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Planning for resilience: A case study of Kitimat, BC.
Jennifer Herkes (author)Greg Halseth (Thesis advisor)University of Northern British Columbia (Degree granting institution)
Master of Natural Resources & Environmental Studies (MNRES)
Number of pages in document: 146
Kitimat, British Columbia was the first comprehensively planned town in the province. Built in 1954 to house the workers of Alcan, it was planned to be a town with strong social cohesion, a high quality of life, and resilient to change over time. The physical plan intended to encourage interaction while the social plan was meant to solidify those bonds, thereby developing social cohesion and community capacity supports for the town to potentially remain resilient. A triangulated research approach combines an historical analysis of Statistics Canada data, mapping techniques, as well as focus group and key informant interviews. Information obtained through the focus group and interviews is reviewed to understand the affects of the physical plan on the people and the community, and the data are further explored to determine what, if any, other factors influenced the development of social cohesion and resilience in Kitimat. With a better understanding of what encourages and prohibits interaction and the development of a sense of community, policies and plans can be developed to allow for the development of structures that encourage interaction and minimize those that inhibit it. The findings suggest that the physical organization of Kitimat encourages interaction and serves to support the development of social cohesion. Social cohesion is further developed through relationships based on factors such as ethnicity, job-type, length of residence, and interests. --P. ii.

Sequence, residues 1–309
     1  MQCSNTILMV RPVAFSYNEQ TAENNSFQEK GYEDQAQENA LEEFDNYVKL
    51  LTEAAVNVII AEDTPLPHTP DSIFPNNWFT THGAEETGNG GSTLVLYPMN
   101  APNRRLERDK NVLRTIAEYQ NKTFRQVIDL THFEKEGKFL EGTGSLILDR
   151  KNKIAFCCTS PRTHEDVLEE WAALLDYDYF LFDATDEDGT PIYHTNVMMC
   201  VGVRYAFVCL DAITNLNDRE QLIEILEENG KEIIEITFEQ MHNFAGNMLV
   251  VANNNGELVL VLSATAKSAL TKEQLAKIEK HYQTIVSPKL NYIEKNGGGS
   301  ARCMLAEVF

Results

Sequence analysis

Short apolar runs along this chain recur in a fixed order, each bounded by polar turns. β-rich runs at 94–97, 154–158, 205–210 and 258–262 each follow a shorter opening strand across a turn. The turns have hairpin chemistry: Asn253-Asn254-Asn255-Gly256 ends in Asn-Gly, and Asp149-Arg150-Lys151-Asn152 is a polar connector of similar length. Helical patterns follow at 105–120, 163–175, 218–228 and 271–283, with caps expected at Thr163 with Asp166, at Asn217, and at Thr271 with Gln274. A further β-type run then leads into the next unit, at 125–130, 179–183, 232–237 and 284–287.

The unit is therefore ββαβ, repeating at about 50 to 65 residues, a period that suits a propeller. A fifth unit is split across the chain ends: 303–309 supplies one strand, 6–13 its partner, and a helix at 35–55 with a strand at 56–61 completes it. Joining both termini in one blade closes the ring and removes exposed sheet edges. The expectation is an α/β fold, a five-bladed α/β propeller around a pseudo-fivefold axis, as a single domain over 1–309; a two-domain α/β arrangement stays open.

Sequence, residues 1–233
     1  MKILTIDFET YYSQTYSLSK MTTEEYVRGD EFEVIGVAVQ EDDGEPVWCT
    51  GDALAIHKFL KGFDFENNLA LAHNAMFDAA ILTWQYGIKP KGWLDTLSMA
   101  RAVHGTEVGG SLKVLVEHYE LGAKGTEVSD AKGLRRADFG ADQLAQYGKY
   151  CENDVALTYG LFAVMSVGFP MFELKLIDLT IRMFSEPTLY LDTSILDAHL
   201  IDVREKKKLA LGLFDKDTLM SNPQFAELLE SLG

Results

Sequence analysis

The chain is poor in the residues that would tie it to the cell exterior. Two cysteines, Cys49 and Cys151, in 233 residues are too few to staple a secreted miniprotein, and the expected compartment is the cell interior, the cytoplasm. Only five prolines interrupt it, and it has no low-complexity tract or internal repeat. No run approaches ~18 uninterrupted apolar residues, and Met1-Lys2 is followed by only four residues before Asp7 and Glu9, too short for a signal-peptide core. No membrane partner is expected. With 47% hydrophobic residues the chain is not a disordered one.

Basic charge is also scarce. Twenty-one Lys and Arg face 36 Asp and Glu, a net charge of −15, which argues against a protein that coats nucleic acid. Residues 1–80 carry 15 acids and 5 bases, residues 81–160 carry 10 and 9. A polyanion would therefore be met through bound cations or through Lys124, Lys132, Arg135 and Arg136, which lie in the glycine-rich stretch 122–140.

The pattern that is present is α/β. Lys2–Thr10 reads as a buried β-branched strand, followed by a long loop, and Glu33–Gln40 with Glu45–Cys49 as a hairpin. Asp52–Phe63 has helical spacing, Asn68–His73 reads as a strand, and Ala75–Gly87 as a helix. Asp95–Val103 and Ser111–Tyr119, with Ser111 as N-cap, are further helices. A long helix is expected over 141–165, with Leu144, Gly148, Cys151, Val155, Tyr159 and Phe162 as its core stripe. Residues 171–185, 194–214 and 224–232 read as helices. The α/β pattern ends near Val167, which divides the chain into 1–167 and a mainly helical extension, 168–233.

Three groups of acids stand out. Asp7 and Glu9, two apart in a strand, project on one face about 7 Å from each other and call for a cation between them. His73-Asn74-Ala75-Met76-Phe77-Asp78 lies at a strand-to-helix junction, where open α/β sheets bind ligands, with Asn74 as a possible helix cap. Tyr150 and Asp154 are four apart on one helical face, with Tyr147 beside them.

City planning -- British Columbia -- Kitimat.Social planning -- British Columbia -- Kitimat.Company towns -- British Columbia -- Kitimat.Social participation -- British Columbia -- Kitimat.Kitimat (B.C.) -- Social policy.